Bear in mind that in prayer you proceed from chamber to chamber. When an alien thought comes [to your mind] you are expelled, because you are judged in every chamber whether you are worthy to enter. 1

Thus if you are not praying with hitlahavut (ardor; fervor), 2 start to pray intensely. When you pray with hitlahavut, consider the nature of the [alien] thought: 3 if it relates to evil love, such as sensuous lust, bring it to its [ultimate] source which is the love of God. 4

There are only seven types of thought. They correspond to the “seven days of creation.” 5 Each [of these] has an erev (evening) and a boker (morning). 6 Erev is an expression of ta'aruvot (mixture), i.e., having an alien thought; and boker is an expression of bikur (visit), i.e., visiting God. 7 The [seven types of thought] are then “love of God” and “love of sin;” “fear of God” and “bad fear” such as hatred; “[good] glorification” of glorifying God and “bad [glorification]” of self-glorification; and likewise with nitzu'ach (endurance; victory), hodayah (acknowledgment; thanksgiving; praise), yessodot (foundations)-ii.e., the sense of bonding. 8 Each of these [seven] is compounded of ten [aspects]. 9 With every bad thought one gives vitality, Heaven forbid, to the “seven nations.” 10

Midrash Hane’elam (Zohar I:86b) thus states: [When God created] the world, it was wavering to and fro. The Holy One, blessed is He, then said that Abraham-i.e., the attribute of love 11-will come forth into the world. But there will also be the issue of Ishmael, i.e., [the attribute of] “bad love.” 12 A thought of “bad love,” therefore, gives vitality to Ishmael and the nine [aspects] that go with him. There is also Isaac, i.e., the attribute of “[good] fear;” and [correspondingly] Esau [the attribute of] “bad fear,” i.e., murder. A thought of “bad fear,” therefore, gives vitality to Esau and the nine [aspects] that go with him, Heaven forbid.

Thus if you happen to think of a “bad love,” 13 say to yourself: “What have I done? I have taken a part of the World of Thought 14 and brought it to a place of filth!” This will effect that you be subdued and come to the [level] of dust, thus bringing the thought to the attribute of ayin (naught). 15 Then you will come to the World of Love by reminding yourself: “If I love this object, as, for example, a woman, who is but a ‘putrid drop,’ 16 how much more should I love God!” 17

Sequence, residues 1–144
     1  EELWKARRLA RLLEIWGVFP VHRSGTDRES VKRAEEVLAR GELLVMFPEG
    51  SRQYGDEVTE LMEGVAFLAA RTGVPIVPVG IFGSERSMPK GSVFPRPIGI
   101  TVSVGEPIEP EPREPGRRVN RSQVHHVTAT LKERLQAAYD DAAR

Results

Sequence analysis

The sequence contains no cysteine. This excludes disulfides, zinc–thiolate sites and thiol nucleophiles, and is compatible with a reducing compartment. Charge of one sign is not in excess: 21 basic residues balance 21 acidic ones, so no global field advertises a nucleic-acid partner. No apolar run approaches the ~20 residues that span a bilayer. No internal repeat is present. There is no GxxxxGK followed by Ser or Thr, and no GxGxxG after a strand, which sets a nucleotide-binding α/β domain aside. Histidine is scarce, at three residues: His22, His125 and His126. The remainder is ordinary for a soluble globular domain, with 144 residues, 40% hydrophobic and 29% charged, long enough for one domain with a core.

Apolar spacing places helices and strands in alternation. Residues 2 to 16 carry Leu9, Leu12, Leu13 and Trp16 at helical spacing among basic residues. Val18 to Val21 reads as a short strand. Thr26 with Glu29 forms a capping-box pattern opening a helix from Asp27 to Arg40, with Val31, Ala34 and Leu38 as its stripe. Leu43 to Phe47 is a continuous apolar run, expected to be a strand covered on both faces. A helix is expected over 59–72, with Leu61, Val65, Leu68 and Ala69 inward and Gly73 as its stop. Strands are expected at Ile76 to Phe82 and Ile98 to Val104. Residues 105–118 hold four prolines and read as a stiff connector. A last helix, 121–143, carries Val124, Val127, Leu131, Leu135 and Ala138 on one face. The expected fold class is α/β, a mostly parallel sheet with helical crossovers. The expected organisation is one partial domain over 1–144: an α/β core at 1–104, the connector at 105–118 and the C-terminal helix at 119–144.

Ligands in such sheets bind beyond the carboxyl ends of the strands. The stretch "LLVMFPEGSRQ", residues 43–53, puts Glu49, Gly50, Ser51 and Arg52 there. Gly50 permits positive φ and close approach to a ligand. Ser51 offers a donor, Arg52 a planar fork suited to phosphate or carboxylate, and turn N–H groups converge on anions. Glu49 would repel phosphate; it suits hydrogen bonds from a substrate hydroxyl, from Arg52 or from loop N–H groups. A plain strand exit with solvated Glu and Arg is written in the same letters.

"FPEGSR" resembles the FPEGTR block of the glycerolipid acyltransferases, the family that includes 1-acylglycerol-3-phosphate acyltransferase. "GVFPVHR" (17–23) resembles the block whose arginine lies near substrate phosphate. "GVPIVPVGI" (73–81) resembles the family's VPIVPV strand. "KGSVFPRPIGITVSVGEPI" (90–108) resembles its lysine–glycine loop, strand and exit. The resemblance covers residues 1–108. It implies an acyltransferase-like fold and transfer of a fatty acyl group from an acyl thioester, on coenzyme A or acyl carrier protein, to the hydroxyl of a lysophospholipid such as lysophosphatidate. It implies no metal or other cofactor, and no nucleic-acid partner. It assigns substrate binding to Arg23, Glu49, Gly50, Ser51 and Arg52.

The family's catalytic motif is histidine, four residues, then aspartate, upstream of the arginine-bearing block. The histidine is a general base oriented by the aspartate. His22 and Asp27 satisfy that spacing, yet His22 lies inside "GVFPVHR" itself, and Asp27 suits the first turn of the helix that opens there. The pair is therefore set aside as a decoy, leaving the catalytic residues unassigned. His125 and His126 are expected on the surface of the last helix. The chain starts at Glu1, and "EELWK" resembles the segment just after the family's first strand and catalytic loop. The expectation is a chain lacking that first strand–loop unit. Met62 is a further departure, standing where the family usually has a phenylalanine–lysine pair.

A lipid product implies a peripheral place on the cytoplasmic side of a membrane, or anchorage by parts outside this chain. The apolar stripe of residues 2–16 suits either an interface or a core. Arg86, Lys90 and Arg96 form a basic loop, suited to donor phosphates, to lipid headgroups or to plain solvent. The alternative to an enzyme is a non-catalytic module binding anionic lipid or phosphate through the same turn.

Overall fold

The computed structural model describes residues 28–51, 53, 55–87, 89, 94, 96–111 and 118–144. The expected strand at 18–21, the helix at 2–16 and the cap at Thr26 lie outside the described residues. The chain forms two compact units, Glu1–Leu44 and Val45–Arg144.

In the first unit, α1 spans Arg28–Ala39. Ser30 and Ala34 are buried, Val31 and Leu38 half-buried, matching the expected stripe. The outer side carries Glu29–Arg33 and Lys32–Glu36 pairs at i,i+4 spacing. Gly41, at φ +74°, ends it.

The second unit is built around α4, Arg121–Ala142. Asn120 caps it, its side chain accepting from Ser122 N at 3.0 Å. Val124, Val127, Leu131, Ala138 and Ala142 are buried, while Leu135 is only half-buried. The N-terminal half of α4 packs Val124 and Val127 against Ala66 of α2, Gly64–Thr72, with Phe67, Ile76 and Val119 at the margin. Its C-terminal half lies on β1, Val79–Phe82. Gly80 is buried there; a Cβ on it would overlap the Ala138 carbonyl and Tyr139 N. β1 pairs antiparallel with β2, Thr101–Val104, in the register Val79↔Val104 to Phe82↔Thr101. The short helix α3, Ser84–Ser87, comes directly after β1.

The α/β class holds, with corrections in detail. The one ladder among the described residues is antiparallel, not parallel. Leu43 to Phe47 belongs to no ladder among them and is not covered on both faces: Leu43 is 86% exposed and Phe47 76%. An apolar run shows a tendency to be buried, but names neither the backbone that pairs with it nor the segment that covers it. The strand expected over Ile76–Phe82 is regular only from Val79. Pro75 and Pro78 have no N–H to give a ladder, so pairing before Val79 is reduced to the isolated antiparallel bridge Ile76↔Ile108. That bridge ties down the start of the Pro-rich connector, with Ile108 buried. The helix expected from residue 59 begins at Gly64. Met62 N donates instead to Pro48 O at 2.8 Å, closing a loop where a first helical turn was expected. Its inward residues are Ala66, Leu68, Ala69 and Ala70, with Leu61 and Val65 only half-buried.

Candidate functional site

Likewise, when you hear words of jest which cause you to be mirthful, think that it is but a part of the World of Love. Also, when you see or eat something that gives you pleasure, think that it is but a part of the World of Delight. Thus take heed not to crudify that delight, and “then you will find pleasure al (lit.: over) God” (Isaiah 58:14), i.e., beyond [the level of the Divine] Name [Havayah; the Tetragrammaton], as it were. 18 Your whole being, therefore, should be directed to that pleasure in context of it being part of the World of Delight. Thus you may sit and eat here, yet be in the World of Delight. The pleasure that you caused yourself, therefore, will bring delight unto God in all worlds.

Likewise, when you see something of which you are afraid, 19 say to yourself: “Why should I be afraid of this? It is but a human like myself-let alone if it is but an animal or beast! As the awesome God, blessed be He, is vested in that being [enabling it to exist], how much more should I fear [God] Himself!” 20

The same applies to glorification. 21 When people praise you, or you sense pride in the midst of prayer, or people exalt you for your concentrated study, bring yourself to a sense of awe-i.e., shame-before God.

In context of nitzuach, 22 overcome that trait or have your understanding lead you to a sense of “Divine victory.” Do the same with the aspect of hodayah; 23 and also with “bonding,” 24 i.e., to be bound up with God alone.